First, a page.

Spark Unlimited, the studio behind games like Lost Planet 3 and the first Call of Duty for home consoles, has shut its doors.
The studio laid off all its employees and will no longer be involved in game development, as reported by Polygon. John Butrovich, the company’s chief technology officer, confirmed the studio’s closure.
Spark Unlimited was founded in August 2002 by Craig Allen, a former executive vice president of Jim Henson Interactive, starting with 27 employees. The studio was based in Sherman Oaks, Calif., originally made up of former Electronic Arts employees who developed some of the first Medal of Honor games. At its inception Scott Langteau was the studio’s chief operating officer and Adrian Jones acted as the chief technology officer, who both previously worked for EA with important positions in the Medal of Honor franchise.
Allen resigned as president and CEO of Spark Unlimited, leaving the studio in late 2014. Some in the company have already moved on to projects outside of the game industry. Spark was independently owned by its employees.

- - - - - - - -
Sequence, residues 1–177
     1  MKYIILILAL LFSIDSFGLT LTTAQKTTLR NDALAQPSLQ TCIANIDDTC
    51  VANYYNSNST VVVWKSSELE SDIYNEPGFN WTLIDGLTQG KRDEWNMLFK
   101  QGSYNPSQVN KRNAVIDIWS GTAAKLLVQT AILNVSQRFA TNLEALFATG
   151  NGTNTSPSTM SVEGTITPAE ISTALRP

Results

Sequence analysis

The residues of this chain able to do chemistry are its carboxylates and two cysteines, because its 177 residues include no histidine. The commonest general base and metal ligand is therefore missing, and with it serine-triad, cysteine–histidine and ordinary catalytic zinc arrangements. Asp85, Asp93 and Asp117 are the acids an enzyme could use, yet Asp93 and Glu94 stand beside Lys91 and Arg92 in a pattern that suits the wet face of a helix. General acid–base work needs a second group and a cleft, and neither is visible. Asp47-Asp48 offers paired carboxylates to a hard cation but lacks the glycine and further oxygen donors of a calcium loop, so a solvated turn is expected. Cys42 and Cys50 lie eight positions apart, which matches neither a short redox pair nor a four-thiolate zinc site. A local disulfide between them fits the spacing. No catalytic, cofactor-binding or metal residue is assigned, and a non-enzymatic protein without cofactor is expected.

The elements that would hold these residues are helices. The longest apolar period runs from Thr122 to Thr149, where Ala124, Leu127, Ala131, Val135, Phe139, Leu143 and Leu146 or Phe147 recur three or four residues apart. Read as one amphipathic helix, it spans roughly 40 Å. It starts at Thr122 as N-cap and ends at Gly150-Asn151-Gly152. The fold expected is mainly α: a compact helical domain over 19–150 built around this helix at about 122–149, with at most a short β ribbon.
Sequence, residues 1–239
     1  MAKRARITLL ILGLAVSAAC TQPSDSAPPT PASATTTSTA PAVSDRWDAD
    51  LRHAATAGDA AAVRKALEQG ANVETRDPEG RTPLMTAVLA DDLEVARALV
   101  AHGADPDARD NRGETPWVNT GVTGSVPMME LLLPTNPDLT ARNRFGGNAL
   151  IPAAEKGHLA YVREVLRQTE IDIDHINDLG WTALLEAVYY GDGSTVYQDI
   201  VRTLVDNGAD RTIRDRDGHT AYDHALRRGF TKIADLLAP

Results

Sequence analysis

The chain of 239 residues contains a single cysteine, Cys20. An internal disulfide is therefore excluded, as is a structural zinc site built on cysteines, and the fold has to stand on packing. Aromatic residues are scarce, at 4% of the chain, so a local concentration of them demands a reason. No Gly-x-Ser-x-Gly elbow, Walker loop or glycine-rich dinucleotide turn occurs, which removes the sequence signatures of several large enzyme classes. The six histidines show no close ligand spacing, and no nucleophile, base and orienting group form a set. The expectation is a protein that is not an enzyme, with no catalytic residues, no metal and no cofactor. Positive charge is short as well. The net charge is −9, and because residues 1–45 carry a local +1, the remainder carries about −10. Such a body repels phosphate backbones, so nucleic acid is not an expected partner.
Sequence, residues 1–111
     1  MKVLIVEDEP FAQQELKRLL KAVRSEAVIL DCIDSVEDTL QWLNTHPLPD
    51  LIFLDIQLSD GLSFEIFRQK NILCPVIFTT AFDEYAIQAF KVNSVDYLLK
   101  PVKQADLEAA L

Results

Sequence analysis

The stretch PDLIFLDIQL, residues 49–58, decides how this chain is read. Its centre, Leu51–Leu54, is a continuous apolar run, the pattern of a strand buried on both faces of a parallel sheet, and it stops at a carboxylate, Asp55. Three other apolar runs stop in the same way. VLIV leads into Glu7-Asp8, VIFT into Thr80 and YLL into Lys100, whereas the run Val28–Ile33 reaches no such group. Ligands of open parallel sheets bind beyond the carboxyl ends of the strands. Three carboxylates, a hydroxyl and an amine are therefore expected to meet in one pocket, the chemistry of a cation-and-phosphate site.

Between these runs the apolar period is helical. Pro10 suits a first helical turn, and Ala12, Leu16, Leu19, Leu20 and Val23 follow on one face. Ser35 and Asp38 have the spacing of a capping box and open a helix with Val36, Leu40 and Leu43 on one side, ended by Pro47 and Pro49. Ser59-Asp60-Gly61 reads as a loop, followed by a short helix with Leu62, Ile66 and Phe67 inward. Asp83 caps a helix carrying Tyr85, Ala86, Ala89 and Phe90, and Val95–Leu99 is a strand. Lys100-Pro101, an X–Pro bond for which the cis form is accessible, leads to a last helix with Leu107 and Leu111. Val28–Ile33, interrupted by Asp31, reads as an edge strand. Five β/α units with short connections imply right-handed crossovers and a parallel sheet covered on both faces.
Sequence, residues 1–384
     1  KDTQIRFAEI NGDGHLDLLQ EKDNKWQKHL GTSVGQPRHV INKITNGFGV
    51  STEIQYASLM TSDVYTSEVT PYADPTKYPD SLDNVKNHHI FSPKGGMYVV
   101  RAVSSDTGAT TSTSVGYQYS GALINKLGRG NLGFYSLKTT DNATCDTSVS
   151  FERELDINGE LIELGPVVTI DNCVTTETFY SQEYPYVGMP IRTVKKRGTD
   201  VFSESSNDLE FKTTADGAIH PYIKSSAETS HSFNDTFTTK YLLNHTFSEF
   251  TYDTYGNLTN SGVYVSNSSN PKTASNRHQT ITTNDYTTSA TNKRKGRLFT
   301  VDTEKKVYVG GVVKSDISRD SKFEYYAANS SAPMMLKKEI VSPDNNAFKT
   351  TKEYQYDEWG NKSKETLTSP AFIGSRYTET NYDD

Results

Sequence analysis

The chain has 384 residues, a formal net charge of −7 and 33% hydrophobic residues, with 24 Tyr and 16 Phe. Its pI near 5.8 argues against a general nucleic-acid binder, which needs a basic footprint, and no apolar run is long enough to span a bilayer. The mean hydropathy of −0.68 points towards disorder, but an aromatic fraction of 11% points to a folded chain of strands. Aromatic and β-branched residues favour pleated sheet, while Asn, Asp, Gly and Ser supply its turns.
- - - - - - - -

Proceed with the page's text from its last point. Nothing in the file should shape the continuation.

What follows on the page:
Spark Unlimited were working on a free-to-play mobile game and a free-to-play, third-person action game for consoles and PC. These projects were cancelled, which led to the company’s closure.
The studio’s first game was Call of Duty: Finest Hour for the PlayStation 2, Xbox and GameCube in November 2004. It went on to develop games for the PlayStation 3, Xbox 360 and PC using Unreal Engine 3 like Turning Point: Fall of Liberty (February 2008), Legendary (November 2008) and Lost Planet 3 in August 2013.
Spark’s last game was Yaiba: Ninja Gaiden Z that released in March 2014. It worked with a variety of publishers like Activision and Atari and also developed Western games of Japanese franchises from Capcom and Tecmo Koei.
While most of Spark Unlimited’s games received mediocre review scores, Lost Planet 3 was nominated for a Writers Guild Award by the Writers Guild of America for outstanding achievement in video game writing.
The company also developed the first Call of Duty game for home consoles, which at that point was only a World War II shooter made by Infinity Ward for the PC, not the multi-billion dollar franchise it is today. Spark was supposed to develop the franchise’s sequels on consoles in a three-game partnership that never happened. Spark filed a lawsuit against Activision in August 2005 for breach of contact and fraud, among other complaints. The publisher later counter-sued the studio over the game’s troubled development. The two companies settled the case in March 2007.
Spark is now selling all its assets, including computers, telephones, furniture, studio equipment and even appliances like refrigerators.
The studio left a message on Twitter that said, “Elvis has left the building. Good night and drive safe.”